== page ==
Magic & Steam: Book Two
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January 12, 2021
Cover art: Reese Dante
Genre: Steampunk, historical, romance
December 31, 1881
“Stop!” I shouted as I gave chase to Fat Frank Fishback through the chaotic fray of Manhattan’s Lower East Side.
Fishback—who was, in actuality, all arms and legs—skidded and slipped on the frozen cobblestones, righted himself, and made a sharp left toward a dilapidated tenement listing hard to one side. He shoved a big-boned woman from the open doorway and disappeared into the unsound structure.
“Sonofa—” I raced in the same direction, moved past the startled woman, and called a curt apology over my shoulder as I barged unwelcomed and unannounced through someone else’s home.
The interior was dark, and despite the night of winter already upon us, no lamps had been powered on. Steam piping had been installed throughout the Five Points earlier in the year, but it was obvious these people were too poor even for steam energy to light their home. The odds of finding an illegal syphon installed somewhere on the property in order to suck the teat of the city’s steam grid were quite good. The installation in the slums had created a point of serious contention with government officials and the Old Money of New York City. Strongly worded letters had been published in the newspapers proclaiming it a waste of taxpayer dollars to light the streets of the wretched. As if these folks chose to live in squalor.
But despite the opposition, City Hall went forward with the investment. Funding had passed in January, and it became a matter of New York wishing to assert its dominance over other major metropolitans in the United States. The desire to proclaim itself superior to the likes of Boston or D.C. was a hell of a driving force. The mayor had used Grand Central Depot as his selling point—if tourists felt like they’d entered the city through the doors of a palace, then even the most unfortunate among us must have access to the latest advances in steam technology.
Access and means being two entirely different points, of course.
But I digress.
I wasn’t here to chastise a too-full tenement of occupants barely earning enough to keep bread on the dinner table. I was here for Fishback. Nothing more.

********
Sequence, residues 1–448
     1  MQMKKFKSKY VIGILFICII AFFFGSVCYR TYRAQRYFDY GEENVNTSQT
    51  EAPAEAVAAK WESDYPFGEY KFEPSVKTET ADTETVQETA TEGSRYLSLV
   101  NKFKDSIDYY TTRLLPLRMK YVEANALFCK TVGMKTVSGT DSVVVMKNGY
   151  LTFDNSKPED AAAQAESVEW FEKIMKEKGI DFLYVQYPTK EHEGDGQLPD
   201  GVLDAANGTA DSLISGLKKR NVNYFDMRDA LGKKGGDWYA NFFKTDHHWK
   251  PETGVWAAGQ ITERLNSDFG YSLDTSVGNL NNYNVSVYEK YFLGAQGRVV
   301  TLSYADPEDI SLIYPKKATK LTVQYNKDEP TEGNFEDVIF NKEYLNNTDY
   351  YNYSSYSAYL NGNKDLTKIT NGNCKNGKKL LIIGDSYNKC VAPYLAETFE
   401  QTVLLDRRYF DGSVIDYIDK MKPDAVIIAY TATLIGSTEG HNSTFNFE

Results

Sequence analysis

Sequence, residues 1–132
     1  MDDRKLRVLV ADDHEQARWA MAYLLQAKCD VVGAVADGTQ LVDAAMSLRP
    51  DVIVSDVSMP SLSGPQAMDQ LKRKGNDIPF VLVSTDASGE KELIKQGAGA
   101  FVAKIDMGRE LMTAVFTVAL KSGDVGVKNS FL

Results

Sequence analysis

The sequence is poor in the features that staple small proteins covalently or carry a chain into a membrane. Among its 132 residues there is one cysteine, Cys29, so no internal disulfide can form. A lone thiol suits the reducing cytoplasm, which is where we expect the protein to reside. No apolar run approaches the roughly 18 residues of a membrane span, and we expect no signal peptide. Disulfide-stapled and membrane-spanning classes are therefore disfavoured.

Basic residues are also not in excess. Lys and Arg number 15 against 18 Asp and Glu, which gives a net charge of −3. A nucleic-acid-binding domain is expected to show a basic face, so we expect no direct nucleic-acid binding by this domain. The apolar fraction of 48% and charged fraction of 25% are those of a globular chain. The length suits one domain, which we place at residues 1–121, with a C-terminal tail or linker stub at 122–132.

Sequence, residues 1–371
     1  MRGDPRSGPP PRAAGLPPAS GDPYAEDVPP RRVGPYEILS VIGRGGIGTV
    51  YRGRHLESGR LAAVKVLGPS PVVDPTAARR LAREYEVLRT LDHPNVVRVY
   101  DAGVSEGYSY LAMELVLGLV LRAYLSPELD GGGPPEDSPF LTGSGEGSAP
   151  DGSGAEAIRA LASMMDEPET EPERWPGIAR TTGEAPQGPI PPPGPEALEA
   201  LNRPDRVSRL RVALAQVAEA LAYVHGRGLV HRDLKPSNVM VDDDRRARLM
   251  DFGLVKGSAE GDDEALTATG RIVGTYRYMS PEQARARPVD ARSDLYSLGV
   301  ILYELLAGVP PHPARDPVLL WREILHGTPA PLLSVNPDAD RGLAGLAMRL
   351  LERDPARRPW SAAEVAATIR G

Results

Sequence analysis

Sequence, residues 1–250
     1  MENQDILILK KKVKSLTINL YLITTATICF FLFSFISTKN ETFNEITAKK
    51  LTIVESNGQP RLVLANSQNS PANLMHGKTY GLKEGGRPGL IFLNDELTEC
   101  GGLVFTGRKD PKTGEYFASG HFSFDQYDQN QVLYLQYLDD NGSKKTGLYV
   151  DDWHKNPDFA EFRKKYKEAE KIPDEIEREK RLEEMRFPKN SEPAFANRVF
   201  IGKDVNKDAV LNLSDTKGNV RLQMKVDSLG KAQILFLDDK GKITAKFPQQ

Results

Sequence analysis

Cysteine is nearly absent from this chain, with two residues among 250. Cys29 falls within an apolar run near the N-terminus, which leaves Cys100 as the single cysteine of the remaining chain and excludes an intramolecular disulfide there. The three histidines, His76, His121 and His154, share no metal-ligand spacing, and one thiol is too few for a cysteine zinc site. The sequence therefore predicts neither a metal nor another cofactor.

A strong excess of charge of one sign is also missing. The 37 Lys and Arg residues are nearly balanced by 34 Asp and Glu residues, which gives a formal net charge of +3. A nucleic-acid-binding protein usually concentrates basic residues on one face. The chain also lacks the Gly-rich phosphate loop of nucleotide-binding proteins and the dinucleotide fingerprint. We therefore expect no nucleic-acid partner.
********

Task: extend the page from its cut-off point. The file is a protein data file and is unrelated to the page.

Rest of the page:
I dodged the shadow of a resident coming out of a room, his curses now joining with the woman’s—a symphony of fury and protests left unanswered in my wake. I raced along an extended narrow hall, shoved off the far wall in order to make the tight turn down a second dark passage, shot up a short flight of stairs, and finally caught sight of Fishback when he opened a door exiting onto a side alley, his rail-thin body briefly illuminated by the kaleidoscope of urban nightlights.
“Stop right now!” I hollered.
Fishback gave me a triumphant expression, stepped outside, and slammed the door shut.
I didn’t slow my run, merely held an arm out, palm forward, and dipped into the ever-present elemental magic that encompassed Earth. The stream of raw energy churned and whipped at my request for its power, filled my body, and then erupted in a gale of wind. The whoosh of bitterly cold air blew the door off one rusted hinge and left it sagging like a broken wing. I ran outside, onto a set of rickety wooden stairs, hoisted myself over the banister, and jumped to the alley below.
I landed on the balls of my feet, shoes barely scratching a whisper from the cobblestones as magic aided me safely to the ground. But the door’s now-unfortunate state had been what startled Fishback. He straightened from the bent-over position he’d been in and spun around to face me. His chest heaved as he fought for breath the winter air had stolen. Fishback’s gaze flicked to the door and staircase behind me, and then his face blanched. His eyes grew wide. Panicked. Like a cornered animal ready to bite and scratch and claw until one of us was dead.
I had no illusions about my person. A man just shy of thirty, brown hair mottled with gray, a height and build hardly bigger than most women’s, and no weapon on hand. So no, it wasn’t my appearance that scared Fishback, a gangster known for squeezing the life out of coppers with his bare hands.
It was the technicality that I was not a copper. Special Agent Gillian Hamilton, active caster with the Federal Bureau of Magic and Steam, thank you very much. And it was my magic that had put the fear of God into Fishback.
“Fishback—” I started.
He turned on one heel and ran for the mouth of the alley.
“I said stop,” I yelled. I tugged the brim of my bowler down and started running again. “Federal Bureau of Magic and Steam, Fishback. You’re under—”